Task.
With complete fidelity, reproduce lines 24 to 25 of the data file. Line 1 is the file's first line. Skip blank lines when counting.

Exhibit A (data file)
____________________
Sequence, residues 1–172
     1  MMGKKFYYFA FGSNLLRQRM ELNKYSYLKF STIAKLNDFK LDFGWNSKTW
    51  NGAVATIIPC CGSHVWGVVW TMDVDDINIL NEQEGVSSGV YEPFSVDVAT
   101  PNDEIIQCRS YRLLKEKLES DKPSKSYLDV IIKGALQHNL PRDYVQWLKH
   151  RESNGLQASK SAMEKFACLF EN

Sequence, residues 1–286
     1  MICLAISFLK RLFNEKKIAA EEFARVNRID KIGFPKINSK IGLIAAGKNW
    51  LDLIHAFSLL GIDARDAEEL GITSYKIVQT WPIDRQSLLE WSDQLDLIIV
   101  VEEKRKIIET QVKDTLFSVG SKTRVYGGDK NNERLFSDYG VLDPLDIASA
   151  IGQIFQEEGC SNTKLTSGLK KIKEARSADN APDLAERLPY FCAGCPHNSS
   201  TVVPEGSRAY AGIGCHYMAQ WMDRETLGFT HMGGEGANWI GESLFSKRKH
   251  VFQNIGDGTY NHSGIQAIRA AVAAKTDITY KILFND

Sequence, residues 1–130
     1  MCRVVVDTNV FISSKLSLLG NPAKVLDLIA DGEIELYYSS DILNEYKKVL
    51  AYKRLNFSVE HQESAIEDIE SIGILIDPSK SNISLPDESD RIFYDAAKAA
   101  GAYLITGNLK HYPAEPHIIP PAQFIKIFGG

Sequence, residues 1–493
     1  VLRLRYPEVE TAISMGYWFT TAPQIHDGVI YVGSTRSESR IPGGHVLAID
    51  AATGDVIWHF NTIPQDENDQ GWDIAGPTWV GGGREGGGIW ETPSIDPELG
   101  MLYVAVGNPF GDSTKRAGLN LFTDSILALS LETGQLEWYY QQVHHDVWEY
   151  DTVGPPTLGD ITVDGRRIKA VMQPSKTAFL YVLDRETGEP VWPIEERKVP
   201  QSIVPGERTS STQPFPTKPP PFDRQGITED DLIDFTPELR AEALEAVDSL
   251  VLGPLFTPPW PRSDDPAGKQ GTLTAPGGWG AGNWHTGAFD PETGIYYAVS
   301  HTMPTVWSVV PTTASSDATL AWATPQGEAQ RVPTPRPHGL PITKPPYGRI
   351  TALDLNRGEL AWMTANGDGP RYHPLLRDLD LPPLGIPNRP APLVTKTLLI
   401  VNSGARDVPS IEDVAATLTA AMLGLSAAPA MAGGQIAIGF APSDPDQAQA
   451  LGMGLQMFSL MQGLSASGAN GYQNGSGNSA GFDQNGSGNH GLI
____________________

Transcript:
   301  HTMPTVWSVV PTTASSDATL AWATPQGEAQ RVPTPRPHGL PITKPPYGRI
   351  TALDLNRGEL AWMTANGDGP RYHPLLRDLD LPPLGIPNRP APLVTKTLLI